And Now We Have Reached The Blathering Stages

Urban Cyclists Show Hypocrisy By Not Criticizing Divvy Delivery Methods

Urban Cyclists Show Hypocrisy By Not Criticizing Divvy Delivery Methods

While these yokels are otherwise engaged dear reader let’s consider yet another real world problem. After all if we are going to suggest cargo bikes for beer delivery along the Chicago Lakefront Trail I would like to suggest that all Divvy bikes be delivered across the city in like manner. You know, “What’s good for the goose is good for the gander, right?

Not one single member of the Church of Urban Cycling who wishes to remain in good standing will ever touch this third rail. It’s always fine to harp on people of color who “salmon” but it is not OK to ask fellow white cyclists to schlep Divvy bikes around by pedal-powered means, is it?

Hark. I Hear the Voice of Appeasement

Reply by in it to win it 8.0 mi 16 hours ago
Coexist.
I want my lakefront path dearly.
I also want my Bud Light at the concessions dearly.
I believe the lakefront is multi-purpose.

Clearly this fellow is not tough enough for the coming Revolution.

Reply by Tank-Ridin’ Ryan 13 hours ago
Helicopters? Really? And where exactly would they land?

Reply by Cameron 7.5 mi 13 hours ago
I take back everything I’ve said defending the delivery trucks. I’m bored and want to watch a helicopter supply drop of beer to Oak Street Beach.

Reply by Tank-Ridin’ Ryan 12 hours ago
Not really. If they had deliveries by giant push carts, I’m sure you’d whine about that too. (People complain about the Flintstone mobiles after all.) And remember – a truck can get down the path and do its business (and be out of your way) faster than a “giant push cart.”

Reply by Reboot Oxnard 3 hours ago
You guys need to learn to share the trail. There are solutions to the delivery truck lumbering down the path in the middle of the morning commute but they are expensive and inconvenient – which means they aren’t better solutions. Those trucks are there because a huge block of park users, far outnumbering the bikers, want them to be there – or, more precisely, want to be able to buy a beer and a burger while they play in the park. If there is a better solution available, the impetus to find it might start with Critical Masshole Whining but it will end with somebody deciding to be constructive and look for it.

Being a petulant child only works if you need your nappies changed or if you have over-indulgent parents unwilling to tell you ‘No.” Rest assured that the Park District and the hordes of park users are willing to tell the bikers to fuck off and die if we can’t find a way to share. Perhaps, instead of indulging your inner child with the endless, “waaa, trucks, waaa, cars, waaa, pedestrians” whinge, it would be more constructive to turn your outer adult loose on finding a solution that works better for everyone who wants to use the park.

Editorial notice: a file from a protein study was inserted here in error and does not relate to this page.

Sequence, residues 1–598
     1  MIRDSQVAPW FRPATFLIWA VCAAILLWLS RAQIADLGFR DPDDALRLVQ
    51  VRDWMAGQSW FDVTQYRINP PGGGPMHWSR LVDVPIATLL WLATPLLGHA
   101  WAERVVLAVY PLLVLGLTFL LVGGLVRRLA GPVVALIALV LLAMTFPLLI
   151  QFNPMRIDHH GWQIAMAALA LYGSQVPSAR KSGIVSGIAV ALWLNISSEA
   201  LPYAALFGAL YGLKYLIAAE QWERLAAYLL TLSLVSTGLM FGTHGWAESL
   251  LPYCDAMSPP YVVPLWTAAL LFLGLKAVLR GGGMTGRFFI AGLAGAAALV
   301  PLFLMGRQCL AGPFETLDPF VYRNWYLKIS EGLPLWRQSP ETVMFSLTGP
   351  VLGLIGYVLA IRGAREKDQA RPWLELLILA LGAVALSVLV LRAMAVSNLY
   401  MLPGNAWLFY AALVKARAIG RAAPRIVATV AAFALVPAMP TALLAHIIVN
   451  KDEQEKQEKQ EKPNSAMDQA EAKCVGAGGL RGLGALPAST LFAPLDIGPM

Using the apron instead of the trail is very problematic. From the north, it doesn’t extend to the Cafe. From the south there is no vehicle access. At any time, it’s liable to be cluttered with sleeping/sunning people (who care no more for your inconvenience than you do theirs) and they don’t move or don’t move quickly. You may not care about the problems it presents but rest assured the grownups in the room do.

Scheduling the deliveries in the middle of the night is also very problematic. It’s illegal, not that this counts for much in Chicago but it often does in Springfield. It’s far more expensive in so many ways, not to mention the fact that the restaurant workers, delivery truck drivers and cops required to effect the night deliveries will be more than a little resentful at having to give up their day jobs because the bikers couldn’t be bothered to share the trail for a few seconds on their vital to the needs of the community commute.

Think solutions, not complaints. You folks aren’t stupid, if you know of a rational and affordable solution that meets the needs of all the park users, put it forth. Otherwise, shappap and peddle.

We Close With This